In the operation I have described such an accident could not occur, as there is no long jejunal loop.
In the eighties and early nineties it was considered absolutely essential to abstain from feeding by the mouth after any stomach operation, and as gastric operations were then always delayed until the patient was extremely weak, it followed as a necessary consequence that asthenia, or, in other words, starvation, was a real danger.
Asthenia from this cause is now seldom seen, as feeding is begun immediately the patient has recovered from the anaesthetic. In my own practice I do not hesitate to let the patients have liquid or semi-liquid nourishment in small quantities every half hour as soon as they can take it, and seeing that in gastroenterostomy anaesthetic vomiting does not occur, the patient is usually able to have some food within four hours of the operation, this being supplemented by nutrient enemata of normal saline solution containing liquid peptonoids and brandy. (See after-treatment and feeding after gastroenterostomy, p. 168.)
Haemorrhage as a cause of death after gastroenterostomy is not likely to occur as the result of the operation itself, as the continuous suture applied through the whole thickness of the margins of the anastomotic opening acts as an efficient compress to the vessels. It may, however, occur from ulcer or cancer just as it might have happened had no operation been done in such cases. The administration of adrenalin, the abstention from mouth-feeding, and the injection of lactate of calcium under the skin or by rectal enemata will be found useful, and the treatment will be as in other cases of haematemesis or melaena. Should the bleeding persist, the question of further operation will arise, in order to discover and treat the bleeding points.
(1) In considering the various complications, it seems quite definitely proved that the use of the Murphy button is attended with uncertain results, both on account of the subsequent tendency to contraction of the anastomotic opening and the retention of the metal instrument in the stomach.
(2) If the anastomotic opening be made of too small a size it is apt to prove unsatisfactory and to lead to relapse.
(3) The methods which do not secure continuity of the mucous membranes of the anastomosed viscera are apt to be followed by undue contraction or even complete closure of the new passage.
(4) The risk of peptic jejunal ulcer, even after all the methods that have been described, is probably under 2 per cent., but if the posterior operation be performed and the anastomotic opening be made sufficiently large, the .risk is hardly appreciable, certainly nothing like 1 per cent.
(5) If the method of union by suture that I have described be performed, and the opening be made of sufficient size, considerably over 90 per cent, of patients suffering from pyloric stenosis of a simple character, or from gastric ulcer, will be completely and permanently relieved of their symptoms, and those suffering from cancer should derive considerable relief. I have had cancer cases to survive for over two years, and to lose all pain and discomfort for long periods.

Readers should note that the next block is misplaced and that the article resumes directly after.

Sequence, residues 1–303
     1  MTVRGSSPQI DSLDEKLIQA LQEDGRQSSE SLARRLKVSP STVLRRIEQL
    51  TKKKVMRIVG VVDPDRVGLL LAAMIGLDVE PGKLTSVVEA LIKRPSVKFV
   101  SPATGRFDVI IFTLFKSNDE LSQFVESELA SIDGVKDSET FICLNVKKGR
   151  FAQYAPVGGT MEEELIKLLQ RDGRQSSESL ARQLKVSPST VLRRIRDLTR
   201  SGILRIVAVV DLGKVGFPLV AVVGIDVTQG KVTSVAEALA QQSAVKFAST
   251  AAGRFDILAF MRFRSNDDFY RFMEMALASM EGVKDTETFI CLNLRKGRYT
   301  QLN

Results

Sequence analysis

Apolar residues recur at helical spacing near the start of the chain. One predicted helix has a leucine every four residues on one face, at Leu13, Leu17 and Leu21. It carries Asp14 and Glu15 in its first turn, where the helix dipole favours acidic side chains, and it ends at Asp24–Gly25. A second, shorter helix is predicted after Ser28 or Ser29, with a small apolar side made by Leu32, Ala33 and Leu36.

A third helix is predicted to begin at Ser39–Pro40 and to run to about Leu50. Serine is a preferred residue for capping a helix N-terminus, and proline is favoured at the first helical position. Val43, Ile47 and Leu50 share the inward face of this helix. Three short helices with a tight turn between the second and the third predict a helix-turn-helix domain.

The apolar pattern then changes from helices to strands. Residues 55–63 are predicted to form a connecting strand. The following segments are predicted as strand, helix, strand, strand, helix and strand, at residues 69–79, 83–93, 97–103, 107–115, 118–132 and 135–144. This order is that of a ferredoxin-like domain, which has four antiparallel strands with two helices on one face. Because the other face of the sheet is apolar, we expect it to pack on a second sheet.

(6) As a number of patients suffering* from non-malignant diseases have regained their normal weight and lived for many years in good health-some even for twenty years-there seems to be no reason to suppose that the operation of gastroenterostomy per se tends to shorten life.
The experiments performed by Joslin (10) were carried out on patients who had had gastroenterostomy performed for cancer of the pylorus. His conclusions, therefore, which seem to prove that the operation leads to a marked diminution of absorption of nitrogenous foods as well as of fats and hydro-carbons, cannot be taken seriously, as cancer itself is capable of producing these results. Moreover, Mr. H. J. Paterson and Dr. Francis Goodbody (11) carried out a series of experiments on four patients in whom gastroenterostomy had been performed for simple disease of the stomach, which proved very clearly that metabolism is practically unaffected after gastrojejunostomy, as in none of the cases did the unabsorbed nitrogen amount to more than 2 per cent, above the amount usually passed in the faeces by a healthy individual, while the amount of fat passed unabsorbed did not on any occasion exceed 7.7 per cent, of the fat taken in the food, that is, just over 2 per cent, above the amount usually passed in the faeces by a healthy man.
1. Mayo, W. J., " The Technique of Gastrojejunostomy."- Annals of Surgery, April, 1906.
2. Yon Eiselsberg.-Trans, of Internat. Congress of Surgery, Brussels, 1905.
3. Mumford.-Annals of Surgery, 1906, p. 88.
4. Dastre.-Archivfiir Physiol., 1890, p. 316.
5. Moynihan.-Brit. Med. Journ., 1901, p. 1136.
6. Mayo Robson.-Diseases of the Stomach, 3rd edition, p. 236.
7. Moynihan.-Brit. Med. Journ., 1903, vol. ii, p. 1592.
8. Barker and Alexander.-Lancet, February 24th, 1906, p. 497.
9. Barker, A. E.-Lancet, November 5th, 1904, p. 1277.
10. Joslin.-Berlin. Iclin. Wochensch., 1897, p. 1047.
11. Patterson, H. J., and Francis Goodbody.-Lancet, February 24th, 1906, p. 495.
12. Mayo, W. J., American Surgical Association, June, 1902. -Annals of Surgery, 1902.
13. Paterson, " Hunterian Lectures."-Lancet, 1906.
14. Mayo Robson and Moynihan.-Diseases of the Stomach, 2nd edition, Bailliere, Tindall tand Cox.
15. Gray.-Lancet, August 29th, 1904.